👨‍⚖️ New Jersey resumes civil cases amid judge shortage

👨‍⚖️ Dozens of judge vacancies remain

👨‍⚖️ Over 81,000 trial cases are backlogged

PATERSON — Divorce cases and civil trials are resuming in Passaic County, marking the first time in more than a year that such cases are being handled in all of New Jersey's counties.

The moratorium on cases in Passaic County first implemented last July was finally lifted last week. It comes after four judges were recently appointed to the Superior Court in Passaic County, according to New Jersey Supreme Court Chief Justice Stuart Rabner.

“We respectfully urge that the remaining vacancies in the vicinage be filled and offer to assist the legislative and executive branches with that important concern," said Rabner.

Suspensions were lifted in early March for Vicinage 13, which includes Somerset, Hunterdon, and Warren counties. Those suspensions dated back to Feb. 21, 2023.


However, there's a new snag in Mercer County. Some cases in family court will be transferred to other vicinages including Atlantic/Cape May, Burlington, and Middlesex starting April 15, Rabner said.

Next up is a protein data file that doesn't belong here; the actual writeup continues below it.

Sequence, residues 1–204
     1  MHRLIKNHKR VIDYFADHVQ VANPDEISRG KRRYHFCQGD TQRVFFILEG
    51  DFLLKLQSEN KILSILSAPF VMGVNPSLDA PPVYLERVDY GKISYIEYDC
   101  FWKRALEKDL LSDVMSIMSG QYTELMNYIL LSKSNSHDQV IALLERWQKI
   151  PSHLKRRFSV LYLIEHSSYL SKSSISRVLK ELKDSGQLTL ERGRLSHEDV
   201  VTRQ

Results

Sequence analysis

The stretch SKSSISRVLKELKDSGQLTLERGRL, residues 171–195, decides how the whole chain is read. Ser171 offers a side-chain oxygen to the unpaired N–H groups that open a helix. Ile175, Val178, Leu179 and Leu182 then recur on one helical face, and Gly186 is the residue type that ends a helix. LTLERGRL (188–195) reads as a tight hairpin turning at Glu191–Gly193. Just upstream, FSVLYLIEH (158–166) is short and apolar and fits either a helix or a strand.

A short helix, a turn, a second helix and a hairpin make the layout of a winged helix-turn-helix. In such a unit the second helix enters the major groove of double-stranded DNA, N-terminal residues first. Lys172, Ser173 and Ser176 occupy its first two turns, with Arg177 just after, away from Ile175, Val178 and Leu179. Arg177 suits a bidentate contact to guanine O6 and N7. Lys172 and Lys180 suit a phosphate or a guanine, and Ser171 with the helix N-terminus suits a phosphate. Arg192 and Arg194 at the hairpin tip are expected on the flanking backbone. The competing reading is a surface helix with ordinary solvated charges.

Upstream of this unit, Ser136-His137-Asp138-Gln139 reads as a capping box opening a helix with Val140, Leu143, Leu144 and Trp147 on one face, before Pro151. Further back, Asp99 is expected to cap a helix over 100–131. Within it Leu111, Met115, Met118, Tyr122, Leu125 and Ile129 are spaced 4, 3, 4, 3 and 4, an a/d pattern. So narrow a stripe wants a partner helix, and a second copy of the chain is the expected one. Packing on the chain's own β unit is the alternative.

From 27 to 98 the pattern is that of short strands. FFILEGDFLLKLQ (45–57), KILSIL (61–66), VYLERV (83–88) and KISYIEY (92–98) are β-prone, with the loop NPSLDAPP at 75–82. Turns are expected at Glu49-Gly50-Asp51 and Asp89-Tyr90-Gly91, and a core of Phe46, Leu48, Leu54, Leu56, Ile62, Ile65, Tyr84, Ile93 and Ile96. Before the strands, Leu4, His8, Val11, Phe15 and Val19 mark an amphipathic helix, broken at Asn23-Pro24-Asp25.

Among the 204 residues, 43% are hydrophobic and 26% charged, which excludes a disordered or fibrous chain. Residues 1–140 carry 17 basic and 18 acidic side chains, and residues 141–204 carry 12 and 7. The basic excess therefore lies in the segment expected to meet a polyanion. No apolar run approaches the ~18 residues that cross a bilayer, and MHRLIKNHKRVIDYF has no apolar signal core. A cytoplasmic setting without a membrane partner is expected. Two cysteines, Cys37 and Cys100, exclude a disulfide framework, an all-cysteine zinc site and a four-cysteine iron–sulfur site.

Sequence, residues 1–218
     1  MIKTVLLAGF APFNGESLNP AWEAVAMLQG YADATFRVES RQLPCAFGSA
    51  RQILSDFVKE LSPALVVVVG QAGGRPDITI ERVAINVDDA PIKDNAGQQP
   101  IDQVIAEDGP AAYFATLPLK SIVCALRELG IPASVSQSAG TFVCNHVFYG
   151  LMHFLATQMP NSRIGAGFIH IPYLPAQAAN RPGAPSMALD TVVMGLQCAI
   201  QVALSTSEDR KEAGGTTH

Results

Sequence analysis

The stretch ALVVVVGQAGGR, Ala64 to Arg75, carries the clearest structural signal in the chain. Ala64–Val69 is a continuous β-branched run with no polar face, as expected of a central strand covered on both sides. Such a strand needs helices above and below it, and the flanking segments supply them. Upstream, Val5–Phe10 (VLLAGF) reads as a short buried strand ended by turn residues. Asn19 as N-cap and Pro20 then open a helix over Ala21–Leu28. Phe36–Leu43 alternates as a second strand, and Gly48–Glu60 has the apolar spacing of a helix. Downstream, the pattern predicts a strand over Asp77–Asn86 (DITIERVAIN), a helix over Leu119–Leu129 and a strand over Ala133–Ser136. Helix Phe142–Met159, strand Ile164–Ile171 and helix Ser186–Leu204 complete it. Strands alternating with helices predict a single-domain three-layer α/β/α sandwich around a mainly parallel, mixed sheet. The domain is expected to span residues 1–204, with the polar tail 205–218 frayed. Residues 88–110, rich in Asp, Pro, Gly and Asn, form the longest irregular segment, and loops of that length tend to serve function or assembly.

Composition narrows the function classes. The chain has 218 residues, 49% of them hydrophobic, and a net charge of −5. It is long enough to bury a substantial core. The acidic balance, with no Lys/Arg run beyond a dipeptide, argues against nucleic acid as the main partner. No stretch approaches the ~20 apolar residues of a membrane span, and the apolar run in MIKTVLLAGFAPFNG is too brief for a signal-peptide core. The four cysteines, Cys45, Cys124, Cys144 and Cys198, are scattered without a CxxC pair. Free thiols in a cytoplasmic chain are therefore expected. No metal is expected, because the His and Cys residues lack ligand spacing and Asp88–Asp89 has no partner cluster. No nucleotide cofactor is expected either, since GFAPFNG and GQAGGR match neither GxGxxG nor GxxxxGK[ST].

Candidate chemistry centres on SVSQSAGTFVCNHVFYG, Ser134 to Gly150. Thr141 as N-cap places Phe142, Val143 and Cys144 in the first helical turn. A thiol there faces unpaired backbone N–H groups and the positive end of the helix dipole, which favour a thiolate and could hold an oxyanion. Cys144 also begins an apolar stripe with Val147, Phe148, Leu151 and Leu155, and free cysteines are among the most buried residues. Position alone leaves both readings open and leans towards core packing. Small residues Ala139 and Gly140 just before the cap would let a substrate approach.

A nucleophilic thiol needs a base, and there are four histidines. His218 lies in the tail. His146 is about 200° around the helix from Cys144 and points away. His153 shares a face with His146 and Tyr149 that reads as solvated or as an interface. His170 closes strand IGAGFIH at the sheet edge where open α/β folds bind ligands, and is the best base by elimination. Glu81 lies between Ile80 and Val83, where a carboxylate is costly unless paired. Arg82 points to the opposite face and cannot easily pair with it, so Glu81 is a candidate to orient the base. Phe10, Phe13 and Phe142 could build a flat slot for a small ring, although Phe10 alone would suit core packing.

Judicial vacancies remain in New Jersey

There are 39 open judicial seats in New Jersey, Acting Administrative Courts Director Glenn Grant said Monday before the Assembly Budget Committee.

While down from 58 judicial vacancies at the start of this year and the May 2022 peak of 78 vacancies. The historic shortage sparked a rebuke from the New Jersey State Bar Association, which at the time criticized lawmakers and Gov. Phil Murphy for a backlog of nominees.

Timothy McGoughran, president of the NJSBA, more recently credited Murphy and lawmakers for working to fix the problem. He said around two dozen new judges were appointed in the first three months of 2024.

"Everybody realized that there were real people getting hurt," McGoughran said.

Over 81,000 trial cases are backlogged

While trials have resumed throughout the state, a significant backlog remains. Grant said Monday that 81,415 trial matters remain backlogged, double the number of backlogged cases in 2019.

Grant said that it could take three years to reach pre-pandemic backlog levels.

Those cases include civil cases, such as personal injury suits, and matrimonial cases.

"In divorce cases and children in court cases, those delays are intolerable," said McGoughran.

Ongoing delays have left families in limbo. McGoughran said children are being left in environments where there are toxic relationships between parents or children are unable to see one of their parents.

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